Apr 15 No Health Without Hope
Originally published in Crisis Magazine, Winter 2016 Issue.
By Anthony Iton
When it comes to your health, your zip code is more important than your genetic code. In the United States, your zip code is often just a proxy for your race and income. I came to understand this fundamental truth while in medical school, not from the training I received, but from the community in which I lived while there. In 1985, I left Montreal, Canada to attend Johns Hopkins medical school in Baltimore. My arrival coincided with the early years of both the AIDS and crack cocaine epidemics. Neither was as shocking as the dehumanizing living conditions in the East Baltimore neighborhoods immediately adjacent to the hospital and medical school. Stunned and confused, I recall asking an upperclassman, “When was there a war here?” His disdainful answer has haunted me for over 30 years. “What did you expect,” he snarled, “it’s the inner-city.”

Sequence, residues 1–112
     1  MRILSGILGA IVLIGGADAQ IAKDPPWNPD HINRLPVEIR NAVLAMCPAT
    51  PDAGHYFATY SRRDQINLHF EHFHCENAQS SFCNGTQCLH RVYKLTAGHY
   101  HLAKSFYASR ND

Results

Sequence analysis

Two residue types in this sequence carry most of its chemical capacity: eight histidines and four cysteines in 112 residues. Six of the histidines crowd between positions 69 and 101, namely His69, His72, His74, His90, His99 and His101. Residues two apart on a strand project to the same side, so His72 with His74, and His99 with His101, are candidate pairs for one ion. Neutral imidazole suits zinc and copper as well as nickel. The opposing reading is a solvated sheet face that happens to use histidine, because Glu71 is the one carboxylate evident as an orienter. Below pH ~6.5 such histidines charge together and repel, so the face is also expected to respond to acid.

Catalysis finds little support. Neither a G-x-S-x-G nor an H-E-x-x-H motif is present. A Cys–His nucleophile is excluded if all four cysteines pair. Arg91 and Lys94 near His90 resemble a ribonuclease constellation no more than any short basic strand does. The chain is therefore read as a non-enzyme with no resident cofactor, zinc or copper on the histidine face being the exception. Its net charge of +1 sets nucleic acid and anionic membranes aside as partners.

The experience of four years in East Baltimore left me wanting to better understand the social costs of poverty in the U.S. and the extent to which these conditions persisted due to institutional and structural racism. Years later I became the Alameda County Public Health Director in Oakland, Calif. Neighborhood conditions in parts of Oakland reminded me of what I had encountered in East Baltimore and I was determined to demonstrate the profound and unnecessary impact that these conditions have on health. In Alameda County, we were able to calculate average life expectancy within very small geographic areas. In Oakland, we determined that a Black child born in West Oakland could expect to die 15 years sooner than a White child born in the Oakland hills. We published this data in maps that became front-page news in the Oakland Tribune and San Francisco Chronicle. I collaborated with colleagues across the country to replicate this analysis in Cleveland, Philadelphia, Denver, Detroit, Seattle, Los Angeles, Boston, Minneapolis-St. Paul and, of course, Baltimore. In many of these cities, these maps were reprinted on the front page of the local newspaper. The October 18, 2008 edition of the Baltimore Sun proclaimed “20-year life gap separates city’s poorest, wealthy.” In East Baltimore some of the city’s shortest life expectancies stood out on the map. Despite having an internationally renowned medical institution within spitting distance, African American residents of East Baltimore had among the lowest average life expectancies in the city, and perhaps the nation. This outrageous paradox is not unique to Baltimore and it is not due to health disparities; it is due to health inequity.